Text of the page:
"Good boy!" said Van Helsing. "In the not-so-far-off you will be happy that you have done all for her you love. Come now and be silent. You shall kiss her once before it is done, but then you must go, and you must leave at my sign. Say no word to Madame. You know how it is with her. There must be no shock, any knowledge of this would be one. Come!"
We all went up to Lucy's room. Arthur by direction remained outside. Lucy turned her head and looked at us, but said nothing. She was not asleep, but she was simply too weak to make the effort. Her eyes spoke to us, that was all.
Van Helsing took some things from his bag and laid them on a little table out of sight. Then he mixed a narcotic, and coming over to the bed, said cheerily, "Now, little miss, here is your medicine. Drink it off, like a good child. See, I lift you so that to swallow is easy. Yes." She had made the effort with success.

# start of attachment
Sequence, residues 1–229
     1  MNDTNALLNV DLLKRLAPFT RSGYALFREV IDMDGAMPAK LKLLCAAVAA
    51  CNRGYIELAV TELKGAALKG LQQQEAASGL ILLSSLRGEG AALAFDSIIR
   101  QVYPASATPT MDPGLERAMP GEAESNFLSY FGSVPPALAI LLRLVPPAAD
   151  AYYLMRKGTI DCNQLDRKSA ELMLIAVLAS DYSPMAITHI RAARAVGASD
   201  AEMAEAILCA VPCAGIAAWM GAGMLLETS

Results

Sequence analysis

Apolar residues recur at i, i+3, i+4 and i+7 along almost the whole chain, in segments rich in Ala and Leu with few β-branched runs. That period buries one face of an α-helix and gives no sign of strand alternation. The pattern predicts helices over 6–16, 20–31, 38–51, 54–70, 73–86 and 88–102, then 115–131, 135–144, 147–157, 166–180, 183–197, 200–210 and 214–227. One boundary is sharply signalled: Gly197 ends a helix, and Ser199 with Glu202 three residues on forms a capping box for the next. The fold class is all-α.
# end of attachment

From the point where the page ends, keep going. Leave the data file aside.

It astonished me how long the drug took to act. This, in fact, marked the extent of her weakness. The time seemed endless until sleep began to flicker in her eyelids. At last, however, the narcotic began to manifest its potency, and she fell into a deep sleep. When the Professor was satisfied, he called Arthur into the room, and bade him strip off his coat. Then he added, "You may take that one little kiss whiles I bring over the table. Friend John, help to me!" So neither of us looked whilst he bent over her.
Van Helsing, turning to me, said, "He is so young and strong, and of blood so pure that we need not defibrinate it."
Then with swiftness, but with absolute method, Van Helsing performed the operation. As the transfusion went on, something like life seemed to come back to poor Lucy's cheeks, and through Arthur's growing pallor the joy of his face seemed absolutely to shine. After a bit I began to grow anxious, for the loss of blood was telling on Arthur, strong man as he was. It gave me an idea of what a terrible strain Lucy's system must have undergone that what weakened Arthur only partially restored her.
But the Professor's face was set, and he stood watch in hand, and with his eyes fixed now on the patient and now on Arthur. I could hear my own heart beat. Presently, he said in a soft voice, "Do not stir an instant. It is enough. You attend him. I will look to her."